Unix & Linux Stack Exchange is a question and answer site for users of Linux, FreeBSD and other Un*x-like operating systems. Join them; it only takes a minute:

Sign up
Here's how it works:
  1. Anybody can ask a question
  2. Anybody can answer
  3. The best answers are voted up and rise to the top

This question already has an answer here:

How should I go about compiling programs that depend on libraries whose development packages (headers and such) aren't pre-installed on the system when I don't have sudo access?

In this particular case I have Ubuntu 12.04, but I'm hoping for a more general solution, because it seems bizarre to me that I would need administrator privileges just to install the dev packages so I can compile.

share|improve this question

migrated from stackoverflow.com Aug 14 '14 at 8:01

This question came from our site for professional and enthusiast programmers.

marked as duplicate by jasonwryan, cuonglm, slm Aug 14 '14 at 12:03

This question has been asked before and already has an answer. If those answers do not fully address your question, please ask a new question.

As a very basic solution, install them locally for you and add them to your include path – martin Aug 14 '14 at 7:46
@martin: "Install them locally"? I didn't know you can install packages locally... I just install them with sudo apt-get install package-dev; how do I install them "locally"? – Mehrdad Aug 14 '14 at 7:54
@Mehrdad Install them locally (while better solutions might exist) consists in compiling each of them on your own, similar to Flexo's answer. – martin Aug 14 '14 at 7:57
@jasonwryan: Not quite, I'm talking about development packages, not ordinary programs. It's about the development workflow, not just a question about apt-get. – Mehrdad Aug 14 '14 at 8:47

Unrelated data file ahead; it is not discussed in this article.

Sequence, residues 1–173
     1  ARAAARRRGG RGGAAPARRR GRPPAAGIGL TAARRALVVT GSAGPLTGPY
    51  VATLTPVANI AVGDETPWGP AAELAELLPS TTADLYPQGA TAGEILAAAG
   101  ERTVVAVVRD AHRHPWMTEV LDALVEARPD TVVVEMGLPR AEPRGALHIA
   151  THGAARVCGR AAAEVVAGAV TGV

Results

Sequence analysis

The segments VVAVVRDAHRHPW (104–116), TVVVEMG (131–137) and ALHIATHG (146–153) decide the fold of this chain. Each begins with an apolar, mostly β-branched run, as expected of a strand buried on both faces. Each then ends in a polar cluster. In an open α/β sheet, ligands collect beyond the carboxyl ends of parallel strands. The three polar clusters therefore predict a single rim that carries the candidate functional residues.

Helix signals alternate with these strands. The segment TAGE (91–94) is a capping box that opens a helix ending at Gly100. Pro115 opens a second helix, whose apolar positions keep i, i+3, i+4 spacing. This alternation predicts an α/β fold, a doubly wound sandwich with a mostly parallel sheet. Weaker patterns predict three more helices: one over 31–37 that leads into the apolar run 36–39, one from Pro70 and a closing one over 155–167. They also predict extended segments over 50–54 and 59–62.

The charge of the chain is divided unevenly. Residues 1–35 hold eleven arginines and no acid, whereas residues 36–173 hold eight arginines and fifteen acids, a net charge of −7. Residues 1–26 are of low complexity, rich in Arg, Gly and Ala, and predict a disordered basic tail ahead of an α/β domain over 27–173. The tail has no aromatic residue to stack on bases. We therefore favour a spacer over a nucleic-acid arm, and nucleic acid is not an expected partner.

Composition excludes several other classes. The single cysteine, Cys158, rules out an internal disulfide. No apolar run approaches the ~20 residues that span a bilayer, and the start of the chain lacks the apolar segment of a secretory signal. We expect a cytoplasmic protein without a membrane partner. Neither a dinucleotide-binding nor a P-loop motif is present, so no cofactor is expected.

On Debian derived systems you can get the source (even as a non root user) using apt-get source provided sources.list has some deb-src entries. Otherwise it's stuck with downloading from the project source repository with standard tools.

Once you've got that source then:

./configure --prefix=/home/me/mysoftware
make install

Will work for most source distributions using autotools or similar.

Once you've done that you'll want to set LD_LIBRARY_PATH and PATH environment variables in your profile.

When you configure other things that depend on software installed in this way you'll need to set PKG_CONFIG_PATH, CFLAGS, CXXFLAGS, LDFLAGS and possibly use other configure arguments to "help" configure find your special install path.

Of course it might be easier just to open a support ticket for someone with the power of root.

share|improve this answer
I guess I should've mentioned, half of the program is figuring out how to get the correct headers and such before I can point to the directory. With sudo it's pretty easy: sudo apt-get install blah-dev, but how do I get the correct sources when I can't do that? – Mehrdad Aug 14 '14 at 7:53
You're stuck with two options: apt-get source doesn't need root, but that's ugly compared to just opening a support ticket or wget and the URL to the tarball you want. – Flexo Aug 14 '14 at 7:55
Oh I didn't know about apt-get source... I'll give that a try, thanks. +1 (I can't exactly open a support ticket in my situation.) – Mehrdad Aug 14 '14 at 7:59
Sorry I'm a little confused, am I supposed to specify the -dev packages here, or the normal packages? Because I just tried apt-get source libxrandr-dev and I got Picking 'libxrandr' as source package instead of 'libxrandr-dev' – Mehrdad Aug 14 '14 at 8:33
I'm also really confused... I tried running ./configure --prefix="$HOME/usr" but then it told me No package 'xorg-macros' found... so I downloaded the source for xutils-dev (which seems to be what contains xorg-macros?) and cd'd into ./xutils-dev-7.7~1/util-macros/ and then ran ./configure --prefix="$HOME/usr" and make install there. Which ran fine, but didn't seem to fix the missing package issue whatsoever... did I miss a step? Am I going about it correctly? – Mehrdad Aug 14 '14 at 8:47

Not the answer you're looking for? Browse other questions tagged or ask your own question.